|January 4th, 2016|
How's our tempo? It looks like the dancers are rushing a bit, maybe? Is this too fast, or does it just feel fast?Over years of playing for dances I've built up a sense of how fast the music should go. If I'm playing a rhythm I'm fully comfortable with and stamping my foot I can hold down a nice even 116-118. If I'm winding through a challenging melody or otherwise distracted, though, my sense can get off, and I might end up at 108 or 128, both of which are pretty hard to dance to. Playing with other people can help here, as we're rarely all having tempo trouble at the same time, but disagreements are painful and potentially tense.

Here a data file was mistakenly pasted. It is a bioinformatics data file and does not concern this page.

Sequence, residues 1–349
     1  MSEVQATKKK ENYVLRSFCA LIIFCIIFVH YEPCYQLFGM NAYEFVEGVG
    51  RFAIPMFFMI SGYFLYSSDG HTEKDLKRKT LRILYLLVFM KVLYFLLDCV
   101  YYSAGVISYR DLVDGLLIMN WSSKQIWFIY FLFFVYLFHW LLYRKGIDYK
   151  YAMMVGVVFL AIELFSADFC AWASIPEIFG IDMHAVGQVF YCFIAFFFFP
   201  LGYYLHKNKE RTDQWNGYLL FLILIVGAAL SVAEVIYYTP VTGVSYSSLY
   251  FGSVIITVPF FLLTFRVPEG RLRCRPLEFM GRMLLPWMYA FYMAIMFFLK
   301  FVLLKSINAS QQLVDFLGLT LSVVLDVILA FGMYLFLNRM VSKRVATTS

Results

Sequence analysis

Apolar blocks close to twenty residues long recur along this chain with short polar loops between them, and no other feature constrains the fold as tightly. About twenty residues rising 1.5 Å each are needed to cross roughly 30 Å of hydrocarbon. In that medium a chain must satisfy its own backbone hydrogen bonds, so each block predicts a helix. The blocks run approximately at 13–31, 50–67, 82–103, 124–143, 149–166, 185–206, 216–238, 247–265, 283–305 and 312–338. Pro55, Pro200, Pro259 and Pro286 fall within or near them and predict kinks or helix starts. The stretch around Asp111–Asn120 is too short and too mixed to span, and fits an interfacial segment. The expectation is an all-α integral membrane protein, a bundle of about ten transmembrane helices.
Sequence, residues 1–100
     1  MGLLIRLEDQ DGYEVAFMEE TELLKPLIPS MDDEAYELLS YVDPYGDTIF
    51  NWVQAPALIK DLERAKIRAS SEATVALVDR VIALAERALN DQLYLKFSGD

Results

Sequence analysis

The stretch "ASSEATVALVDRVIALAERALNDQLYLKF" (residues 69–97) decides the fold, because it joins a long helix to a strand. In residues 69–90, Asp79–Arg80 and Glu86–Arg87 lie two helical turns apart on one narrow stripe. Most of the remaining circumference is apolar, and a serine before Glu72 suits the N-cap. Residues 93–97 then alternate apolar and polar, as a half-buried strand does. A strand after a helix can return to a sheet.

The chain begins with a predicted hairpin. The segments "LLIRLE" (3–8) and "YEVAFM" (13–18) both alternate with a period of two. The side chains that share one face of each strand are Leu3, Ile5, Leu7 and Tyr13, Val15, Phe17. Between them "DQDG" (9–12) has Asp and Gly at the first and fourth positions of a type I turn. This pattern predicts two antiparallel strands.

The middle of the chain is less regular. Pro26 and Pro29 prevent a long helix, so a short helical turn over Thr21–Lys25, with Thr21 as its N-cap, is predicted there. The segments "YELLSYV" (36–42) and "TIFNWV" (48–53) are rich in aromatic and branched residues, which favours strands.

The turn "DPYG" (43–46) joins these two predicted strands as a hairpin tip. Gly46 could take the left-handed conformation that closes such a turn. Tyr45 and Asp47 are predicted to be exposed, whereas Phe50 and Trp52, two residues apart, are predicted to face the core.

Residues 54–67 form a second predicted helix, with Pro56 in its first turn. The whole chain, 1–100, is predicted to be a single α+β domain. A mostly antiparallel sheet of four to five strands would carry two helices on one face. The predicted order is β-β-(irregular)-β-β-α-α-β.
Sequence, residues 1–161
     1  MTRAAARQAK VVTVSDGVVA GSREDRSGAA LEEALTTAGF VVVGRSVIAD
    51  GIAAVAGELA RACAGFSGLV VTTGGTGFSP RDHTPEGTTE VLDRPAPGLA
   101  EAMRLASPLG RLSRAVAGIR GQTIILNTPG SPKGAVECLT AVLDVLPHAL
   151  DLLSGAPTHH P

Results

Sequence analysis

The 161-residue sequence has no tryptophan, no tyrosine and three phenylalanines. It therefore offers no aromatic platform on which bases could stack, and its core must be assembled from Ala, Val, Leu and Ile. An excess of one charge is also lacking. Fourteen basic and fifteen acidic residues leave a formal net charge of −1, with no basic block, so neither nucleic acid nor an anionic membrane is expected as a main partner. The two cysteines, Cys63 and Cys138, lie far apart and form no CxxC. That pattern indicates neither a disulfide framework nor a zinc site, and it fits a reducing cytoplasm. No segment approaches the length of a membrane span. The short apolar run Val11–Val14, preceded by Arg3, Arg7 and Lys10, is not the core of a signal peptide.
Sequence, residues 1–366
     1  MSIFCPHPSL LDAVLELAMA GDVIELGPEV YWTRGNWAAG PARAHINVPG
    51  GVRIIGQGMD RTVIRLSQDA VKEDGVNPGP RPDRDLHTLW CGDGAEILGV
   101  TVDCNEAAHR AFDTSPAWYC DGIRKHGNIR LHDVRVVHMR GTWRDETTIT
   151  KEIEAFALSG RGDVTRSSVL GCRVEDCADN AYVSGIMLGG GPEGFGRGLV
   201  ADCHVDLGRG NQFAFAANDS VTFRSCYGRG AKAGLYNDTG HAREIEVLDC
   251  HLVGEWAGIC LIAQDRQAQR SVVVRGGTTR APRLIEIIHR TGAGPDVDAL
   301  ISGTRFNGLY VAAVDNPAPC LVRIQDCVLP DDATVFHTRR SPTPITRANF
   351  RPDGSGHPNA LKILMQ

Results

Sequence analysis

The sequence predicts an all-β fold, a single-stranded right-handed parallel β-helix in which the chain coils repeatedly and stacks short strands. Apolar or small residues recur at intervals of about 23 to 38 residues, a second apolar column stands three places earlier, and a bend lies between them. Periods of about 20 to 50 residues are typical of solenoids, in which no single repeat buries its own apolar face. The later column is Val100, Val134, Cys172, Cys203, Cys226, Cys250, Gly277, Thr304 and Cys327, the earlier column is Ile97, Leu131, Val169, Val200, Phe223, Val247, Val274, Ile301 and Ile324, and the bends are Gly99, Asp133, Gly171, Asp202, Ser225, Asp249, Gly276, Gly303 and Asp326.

Several years ago it seemed to me that it would work well to have a box to show you how fast you were playing. The idea is you'd leave it one the floor in front of the band, and you could just look over at it if you were curious what tempo you were at. Well, the future is here:
During the most recent Free Raisins tour we tried out putting a phone on the floor with BPM software.  It listens to what we're playing, figures out the current tempo, and displays that with nice big numbers. It was great! Non-intrusive, accurate, useful. Exactly what I'd hoped it would be. Definitely going to try this at future dances.
(I like the pitch-pipe:metronome::tuner:tempo-meter analogy. It's a lot easier to work with a device that tells you what you're currently doing than one that does something you're supposed to match. Plus we don't want to keep a robotic metronomic tempo.)
 We used liveBPM on Stephen's recommendation. It's a paid app; if anyone knows an accurate free app I'd be happy to point people there instead.
- The Privilege of Earning To Give
- The Unintuitive Power Laws of Giving
- Record Your Playing
- Subway Synchronization Protocol
- Getting Booked For Dances